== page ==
Ahead of a sentencing hearing on Thursday, celebrities and racial justice advocates like Samuel L. Jackson and his wife, the actress LaTanya Richardson Jackson; the Rev. Jesse Jackson; and Derrick Johnson, the president of the NAACP, have written letters pleading for leniency for Jussie Smollett, the actor convicted of falsely reporting that he was the victim of a racist and homophobic attack.
“Jussie has already suffered,” the Rev. Jackson wrote to the judge handling the case. “He has been excoriated and vilified in the court of public opinion. His professional reputation has been severely damaged.”
Mr. Smollett, 39, was convicted of felony disorderly conduct — which carries a maximum of three years in prison — relating to conversations he had with the police just after reporting the attack. But defendants convicted of similar crimes in the past have been sentenced to probation and community service.
Many of the letters cite Mr. Smollett’s history of volunteer work, the nonviolent nature of his offense and the reputational damage he had already suffered following charges that the 2019 attack was actually a hoax that he had planned to drum up publicity. Others who have written on his behalf include the actress Alfre Woodard and Melina Abdullah, a founder of Black Lives Matter in Los Angeles.
During the trial, the prosecution argued that Mr. Smollett had instructed two brothers, Abimbola Osundairo and Olabinjo Osundairo, to attack him near his Chicago apartment building, yelling racist and homophobic slurs at him, punching him hard enough to only create a bruise and placing a rope around his neck like a noose. Both brothers testified against him, acknowledging their role in the incident, which they said had been staged. The actor himself took the stand during seven hours of testimony over two days to deny that he had played any role.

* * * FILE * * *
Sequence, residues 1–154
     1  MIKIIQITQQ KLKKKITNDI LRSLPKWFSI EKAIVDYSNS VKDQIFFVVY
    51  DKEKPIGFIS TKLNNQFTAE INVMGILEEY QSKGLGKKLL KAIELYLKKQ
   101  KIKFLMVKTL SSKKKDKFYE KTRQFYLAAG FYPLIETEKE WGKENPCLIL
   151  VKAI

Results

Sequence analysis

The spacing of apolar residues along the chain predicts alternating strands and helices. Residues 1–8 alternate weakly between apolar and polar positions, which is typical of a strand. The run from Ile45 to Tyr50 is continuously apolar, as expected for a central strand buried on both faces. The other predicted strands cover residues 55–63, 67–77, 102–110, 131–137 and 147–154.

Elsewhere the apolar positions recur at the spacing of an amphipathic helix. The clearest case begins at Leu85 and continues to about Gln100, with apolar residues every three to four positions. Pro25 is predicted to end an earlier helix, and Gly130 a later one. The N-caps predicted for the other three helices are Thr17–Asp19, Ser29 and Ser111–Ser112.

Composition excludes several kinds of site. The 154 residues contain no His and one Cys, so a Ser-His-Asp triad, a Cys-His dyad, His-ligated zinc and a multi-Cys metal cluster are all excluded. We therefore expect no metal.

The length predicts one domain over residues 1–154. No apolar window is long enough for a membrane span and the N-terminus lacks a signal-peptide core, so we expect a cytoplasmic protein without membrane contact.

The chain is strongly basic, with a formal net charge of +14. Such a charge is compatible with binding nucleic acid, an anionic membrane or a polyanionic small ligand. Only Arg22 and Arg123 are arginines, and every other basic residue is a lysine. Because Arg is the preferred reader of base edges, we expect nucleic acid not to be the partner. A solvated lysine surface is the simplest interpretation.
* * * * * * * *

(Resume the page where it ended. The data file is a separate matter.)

Prosecutors have not indicated whether they will push for prison time at the hearing.
“It’s the judge who has the total and exclusive authority to impose a sentence,” said Daniel K. Webb, the special prosecutor who handled the case.
At the outset of Thursday’s proceeding, Judge James B. Linn is expected to rule on a motion by lawyers for Mr. Smollett, who is best known for his role in the hip-hop drama “Empire,” that seeks to have the conviction thrown out or for the actor to gain a new trial.
In papers filed with the court last month, the lawyers argued that Judge Linn displayed a “hostile attitude” toward the defense and acted inappropriately when the defense attempted to present evidence that one of the brothers had made homophobic statements and that the attack on Mr. Smollett, who is gay, could have been motivated by bias.
In their motion, the defense lawyers cited an instance in which Judge Linn called a line of questioning about a homophobic comment by Olabinjo Osundairo “very collateral matters.”
The defense argued that this comment could have swayed the jury and that the line of questioning was central to their argument that the Osundairo brothers perpetrated a “real attack” against Mr. Smollett “driven by homophobia.” (During testimony, Olabinjo Osundairo repeatedly denied being homophobic.)